Press Pass: Holiday Music Guide

Raise your hand if you received an iTunes gift card in your stocking this Christmas? Thought so.presspass_yearlongdisaster.jpg

Before you go spending that found money on Top 40 music you’ll likely purchase anyway, why not use it as an investment in your musical education and snag a song or two from an artist new-to-you? After all, what better way to ring in the New Year than with some new tunes?

“Press Pass” scoured the sonic landscape to unearth a few artists and bands you may enjoy* with your free money and who might open your ears to even wider possibilities down the road.

(*Nota Bene: Before anyone starts complaining that those below are too mainstream, we’re emphasizing listener enjoyment over artist obscurity. As far as we know, the music sounds the same if you are the first person to find it or the last.)

Garrison Starr: There are a lot of sweet-sounding sirens out there these days, but it’s Starr’s rough edges – and her willingness to step outside of the conventional Joni Mitchell mold – that sets her above the coffee-house crowd. On one hand, she can make ’em swoon with candied compositions like “Unchangeable,” a song on par with the more recognized Ingrid Michaelson. However, it’s her ability to belt out some big vocals (a la “Spectacle” off of latest release, The Girl That Killed September) that should earn her a spot in your iTunes rotation.

Rip It: “Understood.” Here’s a song that epitomizes Starr’s best-of-both-worlds talent. Call it music’s version of the salty-sweet flavor combination.

presspass_peter.jpgPeter Bradley Adams: Adams probably could have qualified for the folk category, but there are some strong pop sensibilities in his new album, Leavetaking. He first caught our ear with his debut album, Gather Up. That collection was particularly memorable thanks to “One Foot Down,” his time-for-a-change song of subtle rebellion, delivered with country charm and a holler-out-loud chorus. Now he’s hooked us with a full slate of memorable work, from which it’s hard to pick a favorite.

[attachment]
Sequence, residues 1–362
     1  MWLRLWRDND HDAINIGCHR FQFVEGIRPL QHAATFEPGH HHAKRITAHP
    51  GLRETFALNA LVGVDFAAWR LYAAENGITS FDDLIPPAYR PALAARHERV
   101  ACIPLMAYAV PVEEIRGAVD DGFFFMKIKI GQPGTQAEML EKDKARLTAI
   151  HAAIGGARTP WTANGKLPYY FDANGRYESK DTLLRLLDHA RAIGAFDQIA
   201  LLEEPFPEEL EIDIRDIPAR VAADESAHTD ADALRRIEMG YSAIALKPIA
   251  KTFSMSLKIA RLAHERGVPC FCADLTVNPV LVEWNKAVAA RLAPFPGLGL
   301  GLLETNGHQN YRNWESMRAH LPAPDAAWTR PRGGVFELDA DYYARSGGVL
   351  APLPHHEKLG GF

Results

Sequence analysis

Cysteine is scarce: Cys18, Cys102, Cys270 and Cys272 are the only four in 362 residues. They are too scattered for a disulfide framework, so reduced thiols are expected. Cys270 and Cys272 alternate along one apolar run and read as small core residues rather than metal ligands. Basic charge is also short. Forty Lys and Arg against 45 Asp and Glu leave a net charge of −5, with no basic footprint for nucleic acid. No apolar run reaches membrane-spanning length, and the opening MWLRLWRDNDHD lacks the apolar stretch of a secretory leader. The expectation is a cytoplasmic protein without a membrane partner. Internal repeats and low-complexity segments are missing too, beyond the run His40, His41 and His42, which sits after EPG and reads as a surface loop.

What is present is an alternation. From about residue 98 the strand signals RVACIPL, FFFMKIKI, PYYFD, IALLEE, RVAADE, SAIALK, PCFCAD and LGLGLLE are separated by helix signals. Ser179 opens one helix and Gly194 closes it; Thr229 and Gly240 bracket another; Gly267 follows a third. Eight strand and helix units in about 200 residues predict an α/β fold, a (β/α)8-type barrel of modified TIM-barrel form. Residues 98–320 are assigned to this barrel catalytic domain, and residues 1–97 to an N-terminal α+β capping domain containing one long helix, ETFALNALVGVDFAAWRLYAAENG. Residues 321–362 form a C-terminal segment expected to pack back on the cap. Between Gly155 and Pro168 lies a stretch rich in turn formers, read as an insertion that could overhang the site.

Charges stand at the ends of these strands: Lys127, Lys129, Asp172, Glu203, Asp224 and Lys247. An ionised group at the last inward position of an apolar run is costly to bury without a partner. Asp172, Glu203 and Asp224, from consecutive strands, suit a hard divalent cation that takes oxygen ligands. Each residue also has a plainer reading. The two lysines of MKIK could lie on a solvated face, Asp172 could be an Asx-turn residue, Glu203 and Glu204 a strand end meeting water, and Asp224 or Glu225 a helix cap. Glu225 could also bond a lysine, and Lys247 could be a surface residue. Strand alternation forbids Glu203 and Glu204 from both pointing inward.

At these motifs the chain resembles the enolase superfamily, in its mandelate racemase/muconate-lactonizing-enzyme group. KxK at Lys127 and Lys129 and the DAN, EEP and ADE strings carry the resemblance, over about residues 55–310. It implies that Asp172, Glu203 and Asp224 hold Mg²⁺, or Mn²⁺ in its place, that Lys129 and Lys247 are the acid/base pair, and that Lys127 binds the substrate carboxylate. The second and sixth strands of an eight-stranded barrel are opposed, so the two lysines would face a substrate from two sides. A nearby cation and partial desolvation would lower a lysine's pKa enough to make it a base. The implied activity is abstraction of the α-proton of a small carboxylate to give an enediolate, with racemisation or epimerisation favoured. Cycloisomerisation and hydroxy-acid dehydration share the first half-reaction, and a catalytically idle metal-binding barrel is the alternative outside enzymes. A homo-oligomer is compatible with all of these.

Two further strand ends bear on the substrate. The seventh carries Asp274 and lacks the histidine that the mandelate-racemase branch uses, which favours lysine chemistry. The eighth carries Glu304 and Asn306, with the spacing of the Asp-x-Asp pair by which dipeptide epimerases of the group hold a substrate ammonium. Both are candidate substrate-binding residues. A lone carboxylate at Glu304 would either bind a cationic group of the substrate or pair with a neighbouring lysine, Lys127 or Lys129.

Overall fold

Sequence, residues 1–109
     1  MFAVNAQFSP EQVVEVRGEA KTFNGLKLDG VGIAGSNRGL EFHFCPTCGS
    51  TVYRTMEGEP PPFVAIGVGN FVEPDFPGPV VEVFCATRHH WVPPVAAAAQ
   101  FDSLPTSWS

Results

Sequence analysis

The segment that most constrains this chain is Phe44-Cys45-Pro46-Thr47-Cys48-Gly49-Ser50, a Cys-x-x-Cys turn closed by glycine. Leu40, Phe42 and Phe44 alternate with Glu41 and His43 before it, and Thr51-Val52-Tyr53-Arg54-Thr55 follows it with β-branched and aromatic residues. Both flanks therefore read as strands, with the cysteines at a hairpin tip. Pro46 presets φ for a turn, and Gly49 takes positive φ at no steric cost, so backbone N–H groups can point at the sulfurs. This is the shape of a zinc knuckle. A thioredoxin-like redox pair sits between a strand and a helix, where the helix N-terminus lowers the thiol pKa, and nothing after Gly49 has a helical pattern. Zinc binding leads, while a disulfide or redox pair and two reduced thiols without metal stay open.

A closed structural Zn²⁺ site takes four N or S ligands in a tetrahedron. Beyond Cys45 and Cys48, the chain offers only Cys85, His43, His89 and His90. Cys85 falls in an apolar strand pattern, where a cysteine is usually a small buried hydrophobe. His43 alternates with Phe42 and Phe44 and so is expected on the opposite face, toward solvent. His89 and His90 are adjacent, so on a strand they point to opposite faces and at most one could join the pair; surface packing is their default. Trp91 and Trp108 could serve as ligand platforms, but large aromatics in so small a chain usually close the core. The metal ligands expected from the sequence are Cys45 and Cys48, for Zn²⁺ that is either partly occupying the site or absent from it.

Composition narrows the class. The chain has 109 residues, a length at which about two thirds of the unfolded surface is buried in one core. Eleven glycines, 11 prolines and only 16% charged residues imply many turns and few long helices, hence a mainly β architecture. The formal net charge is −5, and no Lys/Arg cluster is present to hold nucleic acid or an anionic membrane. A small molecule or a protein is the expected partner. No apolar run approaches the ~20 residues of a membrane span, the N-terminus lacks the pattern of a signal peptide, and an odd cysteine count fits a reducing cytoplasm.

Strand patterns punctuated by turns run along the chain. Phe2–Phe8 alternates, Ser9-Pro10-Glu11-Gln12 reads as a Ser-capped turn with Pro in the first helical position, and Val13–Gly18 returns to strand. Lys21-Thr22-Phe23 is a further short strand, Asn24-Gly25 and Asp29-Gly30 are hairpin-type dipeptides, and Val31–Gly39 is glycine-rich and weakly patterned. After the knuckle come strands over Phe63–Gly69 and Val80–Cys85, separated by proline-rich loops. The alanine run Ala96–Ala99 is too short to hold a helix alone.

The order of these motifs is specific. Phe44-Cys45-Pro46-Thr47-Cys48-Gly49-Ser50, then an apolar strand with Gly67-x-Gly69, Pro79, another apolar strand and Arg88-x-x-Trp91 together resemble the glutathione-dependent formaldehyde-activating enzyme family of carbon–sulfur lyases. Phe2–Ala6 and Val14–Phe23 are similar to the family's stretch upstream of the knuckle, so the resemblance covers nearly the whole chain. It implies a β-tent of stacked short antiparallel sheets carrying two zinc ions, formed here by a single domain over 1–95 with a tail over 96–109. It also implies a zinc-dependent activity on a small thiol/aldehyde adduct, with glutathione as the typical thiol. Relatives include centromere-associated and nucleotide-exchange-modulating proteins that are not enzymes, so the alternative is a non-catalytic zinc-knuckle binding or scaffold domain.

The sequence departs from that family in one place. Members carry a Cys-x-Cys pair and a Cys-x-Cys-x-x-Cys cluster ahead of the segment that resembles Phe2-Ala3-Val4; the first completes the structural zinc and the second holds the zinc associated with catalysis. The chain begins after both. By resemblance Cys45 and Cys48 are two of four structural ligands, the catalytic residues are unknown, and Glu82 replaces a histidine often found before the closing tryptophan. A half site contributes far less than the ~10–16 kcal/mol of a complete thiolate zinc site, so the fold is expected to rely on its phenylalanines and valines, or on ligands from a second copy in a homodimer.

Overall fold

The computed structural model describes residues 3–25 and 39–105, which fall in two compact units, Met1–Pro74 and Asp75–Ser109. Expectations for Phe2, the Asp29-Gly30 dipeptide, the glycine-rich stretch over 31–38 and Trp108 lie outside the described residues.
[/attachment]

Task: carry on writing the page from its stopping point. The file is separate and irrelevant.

Rip It: “The Longer I Run.” This tune gets the nod because Adams conveys the life-without-roots lyrics with a wistfulness that emphasizes both the freedom of the road and the sadness of a journeyman without a home.

A.C. Newman: You’re going to have to hold on to that gift money for a few weeks, but the impending album from the New Pornographers frontman will likely be worth the wait. His 2004 debut, Slow Wonder, featured some staggering singles (“Miracle Drug,” “Drink to Me, Babe, Then”) that had you reaching for the “repeat” button right after the final note. New record Get Guilty has already left a similar impression with lead-single “The Palace at 4 A.M.” The full work drops Jan. 20.

Rip It: “Miracle Drug.” We’re assuming you’ll take our advice and pick up Get Guilty on Jan. 20, so until then, why not whet your whistle with this Beatles-esque, retro-rock appetizer?

Year Long Disaster: Remember the first time you heard a real rock song? You know, the kind your parents would instantly ask you to turn down no matter how loud the volume was? This three-piece group, fronted by Daniel Davies, rages with that same vibrant intensity. By rekindling the fuzziness of grunge and its Zeppelin rock ‘n roll roots, Year Long Disaster reminds us that the genre hasn’t entirely softened into studio-backed pseudo rock.

Rip It: “Por Quialche Dollaro In Piu.” Step 1: Make sure your face is a safe distance from the steering wheel or any other obstacles that may damage your skull during possible spontaneous head banging. Step 2: Crank it.

Bonus: If you like what you hear, check out the band’s live gig at The Rock and Roll Hotel on Jan. 14.

Darker My Love: Think “Pink Floyd finds the new Millennium.” The L.A.-based group flashes some similarities with the trippy Brits, but they’ve swapped Floyd’s floaty, spacey sound for a little more crash, bang, boom. It’s still an intoxicating concoction, but one more to be enjoyed with coffee than absinthe.

Rip It: “Two Ways Out.” Not as aggressive as some of their other compositions, this tune serves as a good gateway …. uh … song.